The directional coupler 1 is an n dB coupler, where n, as in conventional matching devices with couplers, is at least equal to 20 in order to reduce to the maximum possible extent the power losses due to the insertion of the coupler. The two pairs of conjugate ports of the coupler 1 respectively carry references 11, 14 and 12, 13.
The transmitter E is connected to the port 11 of the coupler and a matched load, 4, of impedance Zo, one end of which is grounded, is connected by its other end to the port 14.
The double switch 3 comprises two moving contacts 31, 32 which are mechanically coupled and can occupy two positions, one of which is shown in full line and the other in broken line. In the transmission phase, that is to say when the power delivered by the transmitter is intended to be radiated by the antenna, the high-power port 12 of the coupler 1 is connected to the matching circuit 2 while the low-power port 13 is connected to one of the ends of the matched load 5 (full-line illustration of the switch 3); the other end of the matched load 5 is grounded. This kind of arrangement is used both during the transmission phase and during the matching phase in conventional matching devices which employ directional couplers. With this kind of arrangement, when the transmitter is producing power, voltages appear at the ports 13 and 14 of the directional coupler, which voltages are a function respectively of the power supplied to the antenna and the power reflected by it.
During the matching phase, this kind of arrangement has the drawback, as already indicated, that the transmitter may be detected even before the start of transmission proper, since the antenna has to radiate the major part of the power supplied by the transmitter although only a small part of this power, namely that appearing at the ports 13 and 14, is actually used to adjust the matching circuit 2.
The switch 3, in a position shown in broken line, makes it possible during the matching phase, to reverse the connections to the coupler 1 linking the assembly constituted by matching circuit and antenna, and the matched load 5 which is normally connected to the port 13 of the coupler; self-evidently, this requires that the matched load 5 has an appropriate power dissipation.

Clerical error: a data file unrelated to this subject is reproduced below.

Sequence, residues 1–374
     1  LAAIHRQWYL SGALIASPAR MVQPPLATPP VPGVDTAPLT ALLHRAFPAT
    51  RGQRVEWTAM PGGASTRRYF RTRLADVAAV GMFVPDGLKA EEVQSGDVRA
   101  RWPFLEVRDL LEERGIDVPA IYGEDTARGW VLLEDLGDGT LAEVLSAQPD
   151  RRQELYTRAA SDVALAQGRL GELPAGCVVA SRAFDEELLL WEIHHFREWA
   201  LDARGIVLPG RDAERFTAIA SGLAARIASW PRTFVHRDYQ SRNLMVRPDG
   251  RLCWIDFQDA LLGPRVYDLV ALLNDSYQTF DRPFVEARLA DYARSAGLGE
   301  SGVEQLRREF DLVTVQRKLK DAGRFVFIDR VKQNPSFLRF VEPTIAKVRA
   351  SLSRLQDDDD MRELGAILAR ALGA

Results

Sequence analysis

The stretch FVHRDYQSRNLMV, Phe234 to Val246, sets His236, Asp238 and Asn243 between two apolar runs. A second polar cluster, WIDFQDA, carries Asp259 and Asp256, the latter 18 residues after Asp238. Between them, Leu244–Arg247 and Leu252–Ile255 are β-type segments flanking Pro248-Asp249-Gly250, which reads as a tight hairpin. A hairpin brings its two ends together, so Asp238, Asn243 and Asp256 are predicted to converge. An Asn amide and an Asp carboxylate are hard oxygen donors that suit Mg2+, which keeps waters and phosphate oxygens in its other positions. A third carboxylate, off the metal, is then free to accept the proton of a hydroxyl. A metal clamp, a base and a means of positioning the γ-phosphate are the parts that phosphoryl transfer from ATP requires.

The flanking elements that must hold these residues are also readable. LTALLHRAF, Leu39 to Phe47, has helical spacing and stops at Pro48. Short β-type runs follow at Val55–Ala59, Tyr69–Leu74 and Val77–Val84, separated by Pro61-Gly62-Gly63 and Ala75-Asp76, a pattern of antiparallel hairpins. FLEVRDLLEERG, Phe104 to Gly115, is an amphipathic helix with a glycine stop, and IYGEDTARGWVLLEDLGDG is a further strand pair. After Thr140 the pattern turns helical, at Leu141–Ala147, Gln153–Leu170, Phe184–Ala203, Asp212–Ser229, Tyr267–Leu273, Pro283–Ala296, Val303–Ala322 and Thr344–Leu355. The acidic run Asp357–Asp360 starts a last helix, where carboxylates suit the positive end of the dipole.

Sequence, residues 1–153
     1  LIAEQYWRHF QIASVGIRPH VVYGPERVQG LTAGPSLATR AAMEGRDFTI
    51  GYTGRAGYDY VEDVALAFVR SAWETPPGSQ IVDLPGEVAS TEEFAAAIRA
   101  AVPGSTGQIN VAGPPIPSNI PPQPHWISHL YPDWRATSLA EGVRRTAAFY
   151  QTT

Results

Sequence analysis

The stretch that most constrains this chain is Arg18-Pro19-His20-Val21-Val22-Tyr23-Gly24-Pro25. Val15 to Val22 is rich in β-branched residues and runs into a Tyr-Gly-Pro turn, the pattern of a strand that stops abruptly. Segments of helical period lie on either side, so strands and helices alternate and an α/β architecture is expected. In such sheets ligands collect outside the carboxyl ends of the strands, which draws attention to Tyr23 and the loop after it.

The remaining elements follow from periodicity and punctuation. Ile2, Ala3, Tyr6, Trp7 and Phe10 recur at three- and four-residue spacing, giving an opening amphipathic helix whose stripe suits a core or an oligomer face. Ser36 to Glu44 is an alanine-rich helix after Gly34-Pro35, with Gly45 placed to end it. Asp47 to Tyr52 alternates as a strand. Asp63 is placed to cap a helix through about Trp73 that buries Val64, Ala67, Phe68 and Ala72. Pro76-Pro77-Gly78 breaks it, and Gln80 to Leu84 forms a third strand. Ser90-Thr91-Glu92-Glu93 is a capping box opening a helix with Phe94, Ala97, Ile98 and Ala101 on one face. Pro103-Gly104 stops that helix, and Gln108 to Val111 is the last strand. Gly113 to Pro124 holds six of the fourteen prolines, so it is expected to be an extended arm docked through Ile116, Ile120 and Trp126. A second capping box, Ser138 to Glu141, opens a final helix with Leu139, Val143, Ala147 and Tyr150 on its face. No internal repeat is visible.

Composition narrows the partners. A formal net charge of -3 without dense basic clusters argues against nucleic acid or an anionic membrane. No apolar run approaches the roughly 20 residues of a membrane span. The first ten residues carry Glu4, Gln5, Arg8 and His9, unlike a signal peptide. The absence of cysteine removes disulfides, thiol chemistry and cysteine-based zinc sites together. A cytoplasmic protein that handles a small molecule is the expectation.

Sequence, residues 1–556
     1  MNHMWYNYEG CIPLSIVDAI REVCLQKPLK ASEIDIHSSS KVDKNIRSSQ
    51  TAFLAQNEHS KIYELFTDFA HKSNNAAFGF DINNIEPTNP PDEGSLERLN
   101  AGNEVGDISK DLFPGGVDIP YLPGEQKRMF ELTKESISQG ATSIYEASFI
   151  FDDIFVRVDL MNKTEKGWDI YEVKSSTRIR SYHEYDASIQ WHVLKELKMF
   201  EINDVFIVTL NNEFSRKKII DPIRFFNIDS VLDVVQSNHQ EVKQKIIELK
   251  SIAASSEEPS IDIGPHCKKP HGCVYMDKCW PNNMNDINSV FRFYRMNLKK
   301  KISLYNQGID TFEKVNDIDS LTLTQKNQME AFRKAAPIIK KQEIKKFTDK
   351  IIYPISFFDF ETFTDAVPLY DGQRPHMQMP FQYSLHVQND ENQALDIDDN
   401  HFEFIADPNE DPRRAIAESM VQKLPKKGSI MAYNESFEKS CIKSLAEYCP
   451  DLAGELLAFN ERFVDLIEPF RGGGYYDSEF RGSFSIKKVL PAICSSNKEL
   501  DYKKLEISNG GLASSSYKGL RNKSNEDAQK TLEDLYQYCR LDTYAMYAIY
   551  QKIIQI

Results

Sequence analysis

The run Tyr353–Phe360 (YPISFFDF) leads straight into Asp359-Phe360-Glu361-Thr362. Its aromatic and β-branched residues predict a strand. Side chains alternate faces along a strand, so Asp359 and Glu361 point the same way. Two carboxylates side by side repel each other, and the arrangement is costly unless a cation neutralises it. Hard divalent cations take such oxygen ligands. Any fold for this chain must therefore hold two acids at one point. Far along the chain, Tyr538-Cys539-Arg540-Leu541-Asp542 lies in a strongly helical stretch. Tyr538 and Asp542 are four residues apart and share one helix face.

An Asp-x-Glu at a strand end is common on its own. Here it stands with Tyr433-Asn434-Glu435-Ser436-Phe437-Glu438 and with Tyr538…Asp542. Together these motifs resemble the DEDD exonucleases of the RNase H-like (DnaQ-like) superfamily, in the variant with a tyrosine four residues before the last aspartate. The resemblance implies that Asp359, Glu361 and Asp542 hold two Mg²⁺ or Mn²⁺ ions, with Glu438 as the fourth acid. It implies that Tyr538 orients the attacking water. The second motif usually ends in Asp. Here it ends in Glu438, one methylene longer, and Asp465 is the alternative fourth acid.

To control matching, the circuit of FIG. 1 comprises the three elements 6 to 8.
The element 6 is a voltage reducer circuit coupled for receiving the high-frequency voltage supplied by the transmitter E; the reduction ratio has a fixed value such that if the assembly of matching circuit and antenna is replaced by a matched load, there appears at the output of the voltage reducer circuit a voltage whose amplitude is equal to that appearing at the port 13 of the directional coupler 1.
The element 7 is a voltage comparator circuit which is supplied at one of its two inputs with the output signal from the voltage reducer circuit 6 and at its other input with the signal appearing at the port 13 of the coupler; for brevity's sake, these signals will be respectively referred to as the signal ec and the signal ea whilst the signal appearing at the port 14 of the directional coupler will be referred to as the signal eb.
The element 8 is a phase comparator circuit which is supplied at one of its two inputs with the signal ea and at its other with the signal eb.
The voltage comparator circuit 7 and phase comparator circuit 8 include measuring instruments with a centre zero, the needle of which, in the case of the circuit 7, deflects as a function of the difference |ea | - | ec | between the moduli of ea and ec and, in the case of the circuit 8, as a function of the phase difference between the signals ea and eb.
An operator controls the matching circuit 2 in order to zero the needles of the instruments in the circuits 7 and 8. This has been symbolized by a block 9, labelled "control," having dotted inputs from blocks 7 and 8 and dotted outputs toward block 2.
The operator could be substituted by an automatic control circuit for the matching circuit 2; the information generated by the comparator circuits 7 and 8 would then be supplied in the form of electrical signals which would be used by the automatic control circuit, the latter being of the kind employed in conventional antenna matching devices.